The basic purpose of blockchain is to act as the digital ledger of cryptocurrency transactions and also asset transactions. Assets can be referred to as Ether, so in this case there are two types of blockchain – Bitcoin Blockchain and Ethereum Blockchain to record the different types of electronic transactions.
It is being suggested that cryptocurrencies and blockchain will eventually make traditional banking using an intermediary, such as a third party financial institution, unnecessary, as consumers can send money to each other and pay for goods directly anywhere in the world using blockchain.
The Pros and Cons of Blockchain
Advantages of Blockchain:
The advantages of blockchain are that it enables electronic transactions to be made directly without the need for a bank and so is much quicker, giving the individual more control and eliminating errors.
It also allows parts of the world without any banking facilities to be able to transact with one another. Residents in Venezuela began transacting in bitcoin recently when the value of their local currency (Bolivar) began experiencing hyperinflation.
It is estimated a blockchain transaction is ten times faster than current banking technology.
The system also gives added security to financial transactions, reducing fraud, because of the way it operates using cryptography, with each transaction referring to the previous one in a chain and being recorded permanently in that chain on a digital ledger sheet that is public.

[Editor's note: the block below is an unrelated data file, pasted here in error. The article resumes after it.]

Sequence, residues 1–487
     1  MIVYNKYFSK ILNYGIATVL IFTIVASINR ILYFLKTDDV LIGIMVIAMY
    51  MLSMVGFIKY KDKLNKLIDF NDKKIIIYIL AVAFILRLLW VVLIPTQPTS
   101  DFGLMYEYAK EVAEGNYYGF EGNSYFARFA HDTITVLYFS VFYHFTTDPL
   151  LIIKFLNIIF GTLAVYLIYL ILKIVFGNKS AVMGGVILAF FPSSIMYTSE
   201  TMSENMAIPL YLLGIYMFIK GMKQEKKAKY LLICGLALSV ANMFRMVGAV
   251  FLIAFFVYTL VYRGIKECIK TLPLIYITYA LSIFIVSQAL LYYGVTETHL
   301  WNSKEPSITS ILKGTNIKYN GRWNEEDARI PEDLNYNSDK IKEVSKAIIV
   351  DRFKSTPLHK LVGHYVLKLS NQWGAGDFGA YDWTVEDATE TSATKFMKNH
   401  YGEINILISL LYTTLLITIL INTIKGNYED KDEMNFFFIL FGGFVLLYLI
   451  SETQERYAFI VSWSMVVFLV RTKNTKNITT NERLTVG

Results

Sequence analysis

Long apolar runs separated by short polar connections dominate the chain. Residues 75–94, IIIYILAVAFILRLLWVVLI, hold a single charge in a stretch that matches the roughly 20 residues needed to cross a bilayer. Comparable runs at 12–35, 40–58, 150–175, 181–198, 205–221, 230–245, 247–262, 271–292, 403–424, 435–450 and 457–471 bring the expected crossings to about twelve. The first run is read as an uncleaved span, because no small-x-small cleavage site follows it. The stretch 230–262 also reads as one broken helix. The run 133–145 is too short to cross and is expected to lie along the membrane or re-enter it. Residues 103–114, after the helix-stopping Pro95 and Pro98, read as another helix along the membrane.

There is also no government interference in the currency or technology as yet, as with established currencies subject to government interference.
Disadvantages of Blockchain:
Cryptocurrencies – despite not being subject to government interference –
have still proved to be volatile when subjected to market conditions. Because Bitcoin is new to the markets, the rate can fluctuate daily and sometimes dramatically, according to the actions of those investing in the currencies.
To use blockchain technology requires a certain amount of computer knowledge – just as using digital banking does. Using blockchain involves creating a virtual “wallet” to store your cryptocurrency or assets – and maybe even using another system of digital storage to transfer currency or assets to, known as “cold storage”. Cold storage wallets are offline – not connected to the Internet – making them secure because they cannot be accessed except by the owner. There are companies online offering this offline virtual storage. For the less technically minded who are not used to the virtual world, setting up blockchain wallets and transferring cryptocurrency and assets to offline wallets might prove a challenge.
Financial institutions are already investing in Blockchain and developing their own brand of the technology.
Research from the World Economic Forum’s Global Agenda Council reveals that currently just 0.075% of global GDP is held in blockchain – around $80 billion; but if the technology becomes widely accepted, it means anyone with access to a computer can make transactions without the need for a bank.
Banks and other financial institutions are already spending millions on developing the technology, so it appears that, in the future, blockchain may well become the accepted way to pay bills, send money or transfer assets.
The future surely looks bright, with other companies such as Facebook and Whatsapp are also considering using blockchain technology others include cloud storage.